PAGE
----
[Correction: page 22 of Governor Herbert’s budget proposal contains a tax hike on e-cigarette’s by changing how they are considered under Utah law. According to page 22 of the Governor’s proposal, the change is worth an anticipated $10 million.H/t Robert Gehrke]
A Big Boost to Education
To much fanfare, Governor Gary Herbert released his proposed budget for fiscal year 2016 on Thursday. The budget proposes the largest increase to education funding in 25 years, and that’s laudable.
Delaying Medicaid Expansion Costs and Betting on the Future
In addition to boosting education funding (which I like, even if I’m not so excited about the how, but more on that in a moment), the budget proposal borrows against the future by allocating just $4.6 million to the Governor’s preferred form of Medicaid expansion (aka Healthy Utah), even though Medicaid Expansion is expected to cost $93 million by 2021.
Why not just set aside the ongoing amount, rather than gamble on future revenues? It’s like buying a car now, but not starting payments for three years.With the recession only recently in the rear view mirror, it’s not hard to imagine a scenario where the Healthy Utah costs more than we expect or the economy does worse than we hope. A fiscally conservative move would be to pay for it now rather than put it off until later.
Budget Should Have Been Based on the Current Fiscal Year
Shortly after Herbert announced his budget, a cryptic response appeared on the Utah House of Representative’s website. After expressing appreciation for the Governor’s proposal, the incoming House leadership team noted that the Governor’s proposal “relies on statutory changes to our current tax law that will be considered and debated in the 2015 Legislative Session.”
I could be wrong, but “changes to our current tax law” sounds a lot like “a tax increase.” I’m also pretty sure that Herbert does not want to be stuck with being accused of proposing a tax increase.
Additionally, by proposing a budget that is higher than projected revenues, the proposed budget may not be in compliance with state statute.
Utah code calls for the Governor to propose a budget based on “a plan of proposed changes to appropriations and estimated revenues for the next fiscal year that is based upon the current fiscal year state tax laws and rates and considers projected changes in federal grants or assistance programs included in the budget[.]” (Emphasis added).
By proposing a budget that appears to be based on “statutory changes to [Utah] tax law,” the Governor might be pushing the envelope of what is required of Utah statute. His budget is based on changes to “state tax laws and rates” rather than on current tax laws and rates.
No New Taxes…But Counting On A Tax Hike?
While Utah code allows that the Governor’s proposal may propose changes to Utah tax law, the Herbert budget appears to assume changes to Utah tax law but doesn’t actually make those proposals.Technically, that means a change to the earmark formula, which in all likelihood is a gas tax increase (currently at 24.5 cents per gallon). Pragmatically, that means a tax hike at the gas pump.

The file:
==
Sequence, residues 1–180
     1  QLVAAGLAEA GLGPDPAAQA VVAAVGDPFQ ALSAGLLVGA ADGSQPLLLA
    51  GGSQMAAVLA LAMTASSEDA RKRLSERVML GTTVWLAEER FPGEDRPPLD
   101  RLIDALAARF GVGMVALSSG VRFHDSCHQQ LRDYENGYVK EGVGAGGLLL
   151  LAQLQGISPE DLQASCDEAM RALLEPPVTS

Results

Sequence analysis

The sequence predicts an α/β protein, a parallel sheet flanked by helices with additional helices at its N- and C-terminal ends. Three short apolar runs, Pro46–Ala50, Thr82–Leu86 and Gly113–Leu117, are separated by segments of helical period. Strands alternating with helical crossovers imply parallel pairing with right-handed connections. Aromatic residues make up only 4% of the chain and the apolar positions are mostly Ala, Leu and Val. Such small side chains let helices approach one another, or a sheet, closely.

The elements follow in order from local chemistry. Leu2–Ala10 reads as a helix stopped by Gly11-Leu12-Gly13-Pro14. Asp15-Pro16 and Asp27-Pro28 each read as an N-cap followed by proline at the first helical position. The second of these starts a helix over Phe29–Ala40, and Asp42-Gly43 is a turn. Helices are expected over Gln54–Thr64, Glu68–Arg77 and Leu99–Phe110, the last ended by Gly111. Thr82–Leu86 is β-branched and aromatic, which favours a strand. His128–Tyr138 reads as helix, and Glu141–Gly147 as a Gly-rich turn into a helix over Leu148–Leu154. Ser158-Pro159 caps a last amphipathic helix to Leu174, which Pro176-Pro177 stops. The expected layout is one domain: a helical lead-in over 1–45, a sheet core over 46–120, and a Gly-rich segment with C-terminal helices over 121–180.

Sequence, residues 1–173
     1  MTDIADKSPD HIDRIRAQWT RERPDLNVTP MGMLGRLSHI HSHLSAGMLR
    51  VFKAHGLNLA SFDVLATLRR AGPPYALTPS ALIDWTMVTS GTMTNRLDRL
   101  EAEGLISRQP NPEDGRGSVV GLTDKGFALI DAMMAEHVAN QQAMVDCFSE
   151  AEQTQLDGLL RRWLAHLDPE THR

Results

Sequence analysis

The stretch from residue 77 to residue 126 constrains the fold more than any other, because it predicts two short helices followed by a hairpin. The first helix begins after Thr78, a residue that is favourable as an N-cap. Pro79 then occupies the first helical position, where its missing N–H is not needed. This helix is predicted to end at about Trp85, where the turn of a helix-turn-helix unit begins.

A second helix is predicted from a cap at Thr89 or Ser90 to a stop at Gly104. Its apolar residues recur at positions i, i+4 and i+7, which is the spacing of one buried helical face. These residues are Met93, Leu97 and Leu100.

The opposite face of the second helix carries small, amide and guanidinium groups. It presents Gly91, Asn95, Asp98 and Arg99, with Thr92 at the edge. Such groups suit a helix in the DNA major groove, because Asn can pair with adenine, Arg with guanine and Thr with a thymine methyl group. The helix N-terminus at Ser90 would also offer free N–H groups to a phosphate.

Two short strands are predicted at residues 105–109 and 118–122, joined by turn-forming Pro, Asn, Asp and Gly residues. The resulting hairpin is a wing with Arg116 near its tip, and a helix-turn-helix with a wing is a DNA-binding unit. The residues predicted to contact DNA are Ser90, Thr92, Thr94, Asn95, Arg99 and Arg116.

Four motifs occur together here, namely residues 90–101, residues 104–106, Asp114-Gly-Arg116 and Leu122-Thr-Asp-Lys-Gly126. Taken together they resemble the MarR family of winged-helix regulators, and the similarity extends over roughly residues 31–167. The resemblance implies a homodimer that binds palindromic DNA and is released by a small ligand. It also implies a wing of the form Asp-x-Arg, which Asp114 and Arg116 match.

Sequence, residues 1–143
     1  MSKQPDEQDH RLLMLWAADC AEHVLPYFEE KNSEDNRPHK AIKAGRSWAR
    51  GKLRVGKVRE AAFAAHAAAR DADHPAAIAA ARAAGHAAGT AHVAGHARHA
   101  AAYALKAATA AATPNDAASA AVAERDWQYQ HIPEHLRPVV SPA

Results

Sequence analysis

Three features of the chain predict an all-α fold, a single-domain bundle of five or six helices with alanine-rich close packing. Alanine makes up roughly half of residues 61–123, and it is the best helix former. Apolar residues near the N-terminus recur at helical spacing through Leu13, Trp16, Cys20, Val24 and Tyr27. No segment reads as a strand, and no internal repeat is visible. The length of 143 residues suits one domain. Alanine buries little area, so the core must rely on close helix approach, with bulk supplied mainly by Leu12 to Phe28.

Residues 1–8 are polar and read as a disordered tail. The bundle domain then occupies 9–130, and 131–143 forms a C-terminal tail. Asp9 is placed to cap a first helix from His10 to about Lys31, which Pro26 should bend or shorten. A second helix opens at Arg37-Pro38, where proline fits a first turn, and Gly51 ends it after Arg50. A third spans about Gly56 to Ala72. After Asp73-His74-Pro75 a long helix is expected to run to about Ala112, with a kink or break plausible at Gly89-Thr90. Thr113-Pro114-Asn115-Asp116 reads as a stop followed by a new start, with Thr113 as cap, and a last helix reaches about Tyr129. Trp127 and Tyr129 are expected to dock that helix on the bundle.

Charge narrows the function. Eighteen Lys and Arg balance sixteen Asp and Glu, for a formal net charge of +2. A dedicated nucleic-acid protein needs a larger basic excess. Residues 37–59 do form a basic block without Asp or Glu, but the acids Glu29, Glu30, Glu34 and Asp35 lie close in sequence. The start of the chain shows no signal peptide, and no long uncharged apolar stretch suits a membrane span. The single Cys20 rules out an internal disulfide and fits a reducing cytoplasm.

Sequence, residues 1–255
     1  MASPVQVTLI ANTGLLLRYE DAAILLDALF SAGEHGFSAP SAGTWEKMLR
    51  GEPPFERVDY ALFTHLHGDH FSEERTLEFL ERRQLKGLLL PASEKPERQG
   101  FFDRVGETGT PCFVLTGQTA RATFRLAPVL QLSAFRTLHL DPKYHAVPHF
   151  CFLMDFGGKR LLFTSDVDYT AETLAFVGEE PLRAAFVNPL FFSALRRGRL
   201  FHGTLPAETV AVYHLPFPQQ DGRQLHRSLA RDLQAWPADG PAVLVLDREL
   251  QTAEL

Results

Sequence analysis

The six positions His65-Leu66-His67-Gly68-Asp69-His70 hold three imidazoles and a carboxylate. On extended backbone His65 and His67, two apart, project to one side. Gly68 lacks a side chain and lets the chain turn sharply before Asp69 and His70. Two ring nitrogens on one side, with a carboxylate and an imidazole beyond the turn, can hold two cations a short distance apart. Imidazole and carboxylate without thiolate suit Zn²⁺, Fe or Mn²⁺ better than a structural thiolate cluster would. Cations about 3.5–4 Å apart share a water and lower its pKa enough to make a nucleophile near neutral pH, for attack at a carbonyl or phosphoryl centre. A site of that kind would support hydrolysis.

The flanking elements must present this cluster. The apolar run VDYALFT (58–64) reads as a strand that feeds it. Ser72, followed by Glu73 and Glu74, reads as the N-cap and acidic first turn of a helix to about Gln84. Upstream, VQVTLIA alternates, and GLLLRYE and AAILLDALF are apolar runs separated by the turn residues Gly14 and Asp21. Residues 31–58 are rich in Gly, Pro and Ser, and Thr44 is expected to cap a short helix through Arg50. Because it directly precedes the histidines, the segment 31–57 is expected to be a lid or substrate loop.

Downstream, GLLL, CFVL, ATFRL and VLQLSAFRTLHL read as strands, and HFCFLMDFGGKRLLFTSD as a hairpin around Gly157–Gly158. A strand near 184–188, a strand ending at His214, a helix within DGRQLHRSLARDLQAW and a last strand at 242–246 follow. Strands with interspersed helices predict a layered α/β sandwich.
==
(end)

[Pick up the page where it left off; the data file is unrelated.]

The Governor’s proposed budget spends more money than currently in the General Fund and Education Fund consensus ‘surplus’ numbers, shifting money out of the Transportation Fund and presuming the success of legislation that raises two taxes, on e-cigarette tax and motor fuel. [Correction: page 22 of Governor Herbert’s budget proposal contains a tax hike on e-cigarette’s by changing how they are considered under Utah law. According to page 22 of the Governor’s proposal, the change is worth an anticipated $10 million.H/t Robert Gehrke]
Did you follow that? No one can ever accuse Governor Herbert of proposing a tax hike, because he never actually did. He just went ahead and spent the money from a tax increase (proposed variously by Greg Bell, former Lieutenant Governor, and Natalie Gochner, chief economist for the Salt Lake Chamber of Commerce), without ever having to propose the tax increase. Herbert will get all of the credit for a large increase in education funding without the visceral anger a tax hike will bring from voters.
Bob Bernick suggested that a look at former Governor Norm Bangerter might indicate how that could turn out. Despite polls that showed voters supported a tax increase for public education, Bangerter’s proposed, and pared down, tax increase incited a “citizen tax revolt” and “Bangerter was hammered politically and narrowly won a second term in 1988 by 2 percentage points in a tough three-way race.”
An Eye on 2016
Add the education funding increase (via an assumed tax hike) with the Medicaid expansion under Healthy Utah, and it’s hard not to wonder if Herbert is looking at 2016 with more concern about a challenge from moderate Democrat Jim Matheson than from conservative Republican Jonathan Johnson. Proposing Medicaid expansion and increased education spending, without proposing a tax increase, Herbert is trying to weave a narrow path down the political middle.
All Utahns benefit from an educated population. No one wants neighbors who are ignorant, employees that require remedial training, or voters who are uninformed. That’s why we have public policy that requires all of us to bear the burden of educating rising generations, even when we don’t have children ourselves. Long before I had children, I paid property taxes to support the schools in my neighborhood, and long after my kids head out into the world, I’ll be glad to continue paying my fair share.
If taxes need to be raised to fund education, Governor Herbert should use the bully pulpit to explain why he believes that a tax increase is right way for the state. Proposing a budget that assumes a tax increase without actually proposing the tax increase not only dodges the statutory requirements but dodges telling voters the full story.